We said No

So, No won the day.

Believe it or not, despite the empty feeling in my stomach, I don’t see a No vote as all that much of a disappointment. We were living in the days of a No vote anyway, given that the Kingdom has been United for the entirety of my life. The consequences of a No were never something untested and hypothetical – they were something we were experiencing anyway.

Yes there’ll be new powers – though to a degree and at a timescale of which nobody can be certain (and that’s a whole other discussion). But they will be far short of statehood.

And it’s not the first time independence has lost. Independence has been rejected at the ballot box ever since there’s been an organised movement for it. Even when the SNP won its two parliamentary elections in Holyrood, one was wafer-thin and the landslide five years later still didn’t quite give them over 50% of the votes. And anyway, it’s long been shown that the SNP’s voters include many who don’t like independence.

For sure, those decades of parliamentary elections were only indirect votes against independence – they were votes instead mostly for parties who oppose it. And this referendum was something qualitatively different – the question was, despite every attempt to attach party politics to it, purely about an issue.

But still. It’s not independence’s first setback, and perhaps it won’t be its last. So nothing’s changed. We were living in a No world before, and we’ll live in it yet for the foreseeable future.

The question’s not going away though. For a start, this is a democracy. Just as defeated parties pick themselves up from an electoral bruising, reflect, reorganise and fight again a few years later, so the independence movement will do similar. No matter by how much it was rejected, the idea of independence has a moral and democratic right to continue to be explored and put forward.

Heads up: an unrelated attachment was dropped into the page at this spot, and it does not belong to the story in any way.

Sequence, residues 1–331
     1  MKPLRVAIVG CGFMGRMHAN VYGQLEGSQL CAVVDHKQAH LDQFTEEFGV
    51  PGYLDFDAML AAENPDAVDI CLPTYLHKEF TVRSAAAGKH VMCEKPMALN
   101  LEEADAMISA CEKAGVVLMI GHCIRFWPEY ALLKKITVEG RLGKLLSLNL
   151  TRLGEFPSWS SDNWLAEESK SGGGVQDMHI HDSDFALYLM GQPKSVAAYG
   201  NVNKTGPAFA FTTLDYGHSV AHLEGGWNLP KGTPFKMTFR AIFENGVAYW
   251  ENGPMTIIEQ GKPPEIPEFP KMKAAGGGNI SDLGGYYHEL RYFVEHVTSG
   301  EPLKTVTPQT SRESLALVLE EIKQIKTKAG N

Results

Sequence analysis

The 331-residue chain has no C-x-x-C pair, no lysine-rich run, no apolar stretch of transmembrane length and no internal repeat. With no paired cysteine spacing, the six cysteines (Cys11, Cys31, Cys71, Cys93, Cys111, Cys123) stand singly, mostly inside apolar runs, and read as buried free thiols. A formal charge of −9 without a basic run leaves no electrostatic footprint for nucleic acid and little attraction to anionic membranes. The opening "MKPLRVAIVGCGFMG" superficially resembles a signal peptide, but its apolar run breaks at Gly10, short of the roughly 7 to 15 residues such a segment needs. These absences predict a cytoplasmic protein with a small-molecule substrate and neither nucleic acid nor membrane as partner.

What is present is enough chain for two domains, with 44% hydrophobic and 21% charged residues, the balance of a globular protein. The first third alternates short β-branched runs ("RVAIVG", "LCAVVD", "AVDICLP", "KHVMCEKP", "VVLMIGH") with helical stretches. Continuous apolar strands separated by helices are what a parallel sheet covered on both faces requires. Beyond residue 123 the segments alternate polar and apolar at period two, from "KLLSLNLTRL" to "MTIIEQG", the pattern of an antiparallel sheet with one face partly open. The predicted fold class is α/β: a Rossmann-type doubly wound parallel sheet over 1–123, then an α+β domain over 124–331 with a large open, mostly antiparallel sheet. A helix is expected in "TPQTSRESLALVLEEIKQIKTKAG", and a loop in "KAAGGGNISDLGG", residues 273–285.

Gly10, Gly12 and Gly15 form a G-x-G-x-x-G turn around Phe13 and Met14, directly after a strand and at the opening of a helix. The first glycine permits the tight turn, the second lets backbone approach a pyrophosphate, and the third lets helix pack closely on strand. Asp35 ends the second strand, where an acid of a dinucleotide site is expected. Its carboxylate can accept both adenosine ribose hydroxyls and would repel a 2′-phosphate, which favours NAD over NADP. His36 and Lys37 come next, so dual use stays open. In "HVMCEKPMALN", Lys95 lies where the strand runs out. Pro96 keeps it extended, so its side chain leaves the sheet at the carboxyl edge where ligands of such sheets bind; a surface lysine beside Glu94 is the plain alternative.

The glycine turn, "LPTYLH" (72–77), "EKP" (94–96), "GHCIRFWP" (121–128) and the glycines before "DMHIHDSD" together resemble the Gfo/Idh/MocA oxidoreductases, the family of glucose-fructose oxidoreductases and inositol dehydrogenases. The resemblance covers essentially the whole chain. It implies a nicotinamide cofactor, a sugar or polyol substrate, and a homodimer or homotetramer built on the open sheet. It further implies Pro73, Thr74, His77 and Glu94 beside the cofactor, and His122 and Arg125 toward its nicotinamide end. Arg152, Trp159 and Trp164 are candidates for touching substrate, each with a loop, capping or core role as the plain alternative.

And in any case, the movement for Yes – with a whopping 45% endorsement – cannot be put in a box now. Too many people have done too much work, conceived too many ideas, and persuaded too many others to simply disappear. A grassroots movement has been created beyond party politics that will not go away. Indeed those who believe in it will continue to do so with the same conviction, and the economic and social facts that underpin the case do not change with a No vote. Merely their acceptance has – for now – been rejected.

New research will be done. New arguments will be conceived. A new urgency may emerge. It may be some time before the question is put again, and yes it may never come to pass that a majority are ever persuaded at all. But this is a democracy. Minority views, even those defeated, are part of life.

***